Today I hosted a version of the The Kids Cancer Project Write a Book in a Day for some year 9 and 10 students of Mount Alvernia College. I asked the English teachers of year 9 and 10 to supply the names of students they thought might be interested in participating in the event. 40 invitations were sent, 26 said yes. I called the event the Mount A: Book in a Day competition, and the final products will be judged by our Heads of Department of English, and Art, as well as having a People’s Choice award. Categories and rules included:
Category 1: Novel
– Must be between 3000 and 5000 words long
– Will need to be fully edited
Category 2: Graphic Novel
– Must be 22 pages long
– Must include illustrations
– Can be digital or paper
Category 3: Picture Book
– Must be 11 double page spreads
– Must be fully illustrated
– Can be digital or paper
Students were given the following rules for their stories:
- Genre of the story must be Romance, inline with our theme for Literacy Week: Love is in the Air
- Must be set in Australia
- Must be written for 10-16 year olds
In the end we had 5 teams writing a Novel, and 1 team working on a Graphic Novel. The diversity in the stories produced was amazing, and showed just how creative the girls are. Each team worked really well together and the energy was great.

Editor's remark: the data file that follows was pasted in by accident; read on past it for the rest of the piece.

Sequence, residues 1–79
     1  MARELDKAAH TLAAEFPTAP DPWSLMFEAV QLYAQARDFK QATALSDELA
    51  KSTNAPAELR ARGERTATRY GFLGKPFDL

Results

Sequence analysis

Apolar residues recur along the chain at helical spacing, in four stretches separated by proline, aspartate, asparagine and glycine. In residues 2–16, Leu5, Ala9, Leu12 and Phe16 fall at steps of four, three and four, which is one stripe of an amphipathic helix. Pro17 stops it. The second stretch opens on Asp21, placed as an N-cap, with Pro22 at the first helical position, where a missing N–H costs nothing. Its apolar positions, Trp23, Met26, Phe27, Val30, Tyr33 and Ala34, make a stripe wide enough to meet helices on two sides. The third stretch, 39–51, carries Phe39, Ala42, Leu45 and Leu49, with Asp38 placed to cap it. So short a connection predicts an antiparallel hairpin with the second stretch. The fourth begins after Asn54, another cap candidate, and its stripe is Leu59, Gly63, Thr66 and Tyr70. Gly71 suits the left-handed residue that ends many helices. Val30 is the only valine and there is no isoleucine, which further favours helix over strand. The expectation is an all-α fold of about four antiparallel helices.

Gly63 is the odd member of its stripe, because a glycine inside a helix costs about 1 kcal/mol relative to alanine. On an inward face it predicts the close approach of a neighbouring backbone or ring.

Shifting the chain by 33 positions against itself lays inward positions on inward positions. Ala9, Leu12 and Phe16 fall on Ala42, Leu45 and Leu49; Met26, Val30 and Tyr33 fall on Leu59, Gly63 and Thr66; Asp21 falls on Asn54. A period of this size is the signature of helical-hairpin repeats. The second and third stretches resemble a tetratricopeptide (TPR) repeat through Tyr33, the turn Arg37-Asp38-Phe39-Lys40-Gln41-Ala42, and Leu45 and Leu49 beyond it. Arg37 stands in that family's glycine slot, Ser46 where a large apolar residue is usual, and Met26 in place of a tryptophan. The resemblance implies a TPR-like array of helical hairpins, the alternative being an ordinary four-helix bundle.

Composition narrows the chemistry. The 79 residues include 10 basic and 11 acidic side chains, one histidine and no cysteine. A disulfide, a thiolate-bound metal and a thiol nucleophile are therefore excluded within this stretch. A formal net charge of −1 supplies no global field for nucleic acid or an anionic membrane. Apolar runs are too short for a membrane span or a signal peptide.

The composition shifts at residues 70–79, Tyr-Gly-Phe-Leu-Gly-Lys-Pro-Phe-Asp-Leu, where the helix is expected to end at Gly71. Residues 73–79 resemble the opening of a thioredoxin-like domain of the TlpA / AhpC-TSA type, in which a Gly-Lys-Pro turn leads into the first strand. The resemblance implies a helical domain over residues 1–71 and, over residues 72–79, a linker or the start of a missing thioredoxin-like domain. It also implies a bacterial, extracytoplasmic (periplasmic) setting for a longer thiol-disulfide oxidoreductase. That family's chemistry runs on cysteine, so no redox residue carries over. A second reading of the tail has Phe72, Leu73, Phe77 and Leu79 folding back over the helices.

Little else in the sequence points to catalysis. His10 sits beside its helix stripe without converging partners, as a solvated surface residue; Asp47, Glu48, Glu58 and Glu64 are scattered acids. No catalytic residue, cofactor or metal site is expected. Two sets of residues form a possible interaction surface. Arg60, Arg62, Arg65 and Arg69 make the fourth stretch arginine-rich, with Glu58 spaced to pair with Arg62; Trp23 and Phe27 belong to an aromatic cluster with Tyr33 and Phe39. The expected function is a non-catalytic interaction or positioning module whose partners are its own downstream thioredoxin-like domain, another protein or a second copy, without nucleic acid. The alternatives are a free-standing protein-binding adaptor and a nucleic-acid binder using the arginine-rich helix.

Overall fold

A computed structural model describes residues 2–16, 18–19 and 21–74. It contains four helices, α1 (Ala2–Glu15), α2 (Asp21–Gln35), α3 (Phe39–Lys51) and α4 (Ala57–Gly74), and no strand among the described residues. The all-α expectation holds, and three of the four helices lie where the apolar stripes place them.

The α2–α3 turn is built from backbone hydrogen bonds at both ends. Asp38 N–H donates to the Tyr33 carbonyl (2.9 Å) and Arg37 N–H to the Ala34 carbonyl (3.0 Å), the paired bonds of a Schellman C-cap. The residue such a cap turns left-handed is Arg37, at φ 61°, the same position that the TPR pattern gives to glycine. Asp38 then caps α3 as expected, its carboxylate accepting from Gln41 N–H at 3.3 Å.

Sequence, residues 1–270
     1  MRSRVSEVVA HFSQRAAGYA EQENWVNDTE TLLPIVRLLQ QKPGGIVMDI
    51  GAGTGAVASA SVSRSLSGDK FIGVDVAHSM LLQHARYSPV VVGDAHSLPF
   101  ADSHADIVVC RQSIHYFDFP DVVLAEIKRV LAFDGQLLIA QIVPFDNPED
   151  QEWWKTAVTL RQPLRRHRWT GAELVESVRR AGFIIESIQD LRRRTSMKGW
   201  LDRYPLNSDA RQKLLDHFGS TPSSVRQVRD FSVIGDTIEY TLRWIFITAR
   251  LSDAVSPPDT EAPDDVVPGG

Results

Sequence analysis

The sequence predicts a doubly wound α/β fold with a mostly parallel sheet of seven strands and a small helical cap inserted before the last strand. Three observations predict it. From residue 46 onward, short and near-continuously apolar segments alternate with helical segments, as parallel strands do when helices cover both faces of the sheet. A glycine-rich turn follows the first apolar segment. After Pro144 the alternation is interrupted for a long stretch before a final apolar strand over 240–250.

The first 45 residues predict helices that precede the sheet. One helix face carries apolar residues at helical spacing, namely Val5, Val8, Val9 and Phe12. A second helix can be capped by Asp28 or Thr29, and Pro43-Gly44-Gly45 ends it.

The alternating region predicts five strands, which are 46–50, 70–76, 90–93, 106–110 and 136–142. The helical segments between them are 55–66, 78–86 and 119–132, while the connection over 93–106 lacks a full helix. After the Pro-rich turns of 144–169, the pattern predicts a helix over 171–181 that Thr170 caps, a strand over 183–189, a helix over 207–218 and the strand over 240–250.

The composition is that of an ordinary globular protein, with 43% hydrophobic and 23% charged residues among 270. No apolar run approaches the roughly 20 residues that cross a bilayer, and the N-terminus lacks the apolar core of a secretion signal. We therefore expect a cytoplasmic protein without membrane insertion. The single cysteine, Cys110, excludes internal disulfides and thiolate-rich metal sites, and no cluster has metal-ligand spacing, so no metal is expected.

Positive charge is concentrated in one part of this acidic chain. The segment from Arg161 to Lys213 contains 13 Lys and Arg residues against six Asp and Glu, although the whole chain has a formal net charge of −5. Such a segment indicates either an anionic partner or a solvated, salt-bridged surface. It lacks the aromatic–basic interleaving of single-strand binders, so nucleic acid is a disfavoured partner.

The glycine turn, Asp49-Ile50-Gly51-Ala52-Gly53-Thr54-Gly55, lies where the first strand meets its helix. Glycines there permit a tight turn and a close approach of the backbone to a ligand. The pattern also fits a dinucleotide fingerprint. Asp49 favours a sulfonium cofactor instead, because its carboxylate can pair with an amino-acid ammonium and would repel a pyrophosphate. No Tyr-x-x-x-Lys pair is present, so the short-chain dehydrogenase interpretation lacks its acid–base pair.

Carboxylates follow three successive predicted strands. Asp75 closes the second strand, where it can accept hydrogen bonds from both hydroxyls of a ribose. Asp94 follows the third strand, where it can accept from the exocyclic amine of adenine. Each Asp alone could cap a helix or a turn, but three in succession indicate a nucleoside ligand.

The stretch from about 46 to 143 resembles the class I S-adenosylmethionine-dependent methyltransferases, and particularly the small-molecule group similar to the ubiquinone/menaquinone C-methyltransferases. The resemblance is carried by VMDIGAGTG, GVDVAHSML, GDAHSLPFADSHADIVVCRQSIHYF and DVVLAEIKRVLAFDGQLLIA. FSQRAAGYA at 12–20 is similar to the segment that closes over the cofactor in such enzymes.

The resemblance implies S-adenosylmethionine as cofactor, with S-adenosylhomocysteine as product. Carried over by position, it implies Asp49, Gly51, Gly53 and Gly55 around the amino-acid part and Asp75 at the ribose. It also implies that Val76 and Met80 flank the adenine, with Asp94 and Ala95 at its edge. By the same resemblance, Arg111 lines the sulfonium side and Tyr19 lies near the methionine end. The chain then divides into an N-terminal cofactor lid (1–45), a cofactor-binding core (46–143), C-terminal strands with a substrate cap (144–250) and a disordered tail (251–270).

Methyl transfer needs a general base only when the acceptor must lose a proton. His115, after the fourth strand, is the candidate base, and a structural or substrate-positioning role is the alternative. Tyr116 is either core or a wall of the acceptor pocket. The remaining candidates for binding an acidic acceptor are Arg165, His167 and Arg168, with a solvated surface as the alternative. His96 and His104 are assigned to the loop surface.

To get their creativity flowing, they were provided with the following templates:
- Setting template – allowed the students to design the perfect setting, complete with place, time of year, weather, buildings, scenery, and textures.
- Character template – designed to help students create their characters, including name, age, gender, physical appearance, wishes, hates, relatives, interests
- Story template – a chapter by chapter layout to assist students in plotting out the story, as well as allocating tasks.
Many of the students said they really appreciated the templates and the structure; no one said that it stifled their creativity (which was one of my concerns, but apparently I’d forgotten just how much students like structure…).
So, what did I notice while the students were working?
1. There was a great deal of effective collaboration happening
I don’t know whether it was because of the students that were invited, the task they were asked to do, or both, but all of the groups collaborated really well. Ideas were freely shared, there were equal contributions, and when it came to the writing time each student did their part perfectly. There were no arguments, although there were some healthy debates which ended in better solutions. I think what impressed me the most, however, was the fact that there were no power plays! Each member of the group had a role and a voice. I was very impressed and more than a little proud.
2. There was a diverse range of stories
No two stories were alike. We had a…
- Fantasy story, complete with witches, ghosts, and many other unusual characters
- Tragic romance, Romeo and Juliet style
- Mish-mash of history and current events where Australia was not colonised by the British but by the French and what that means for the current day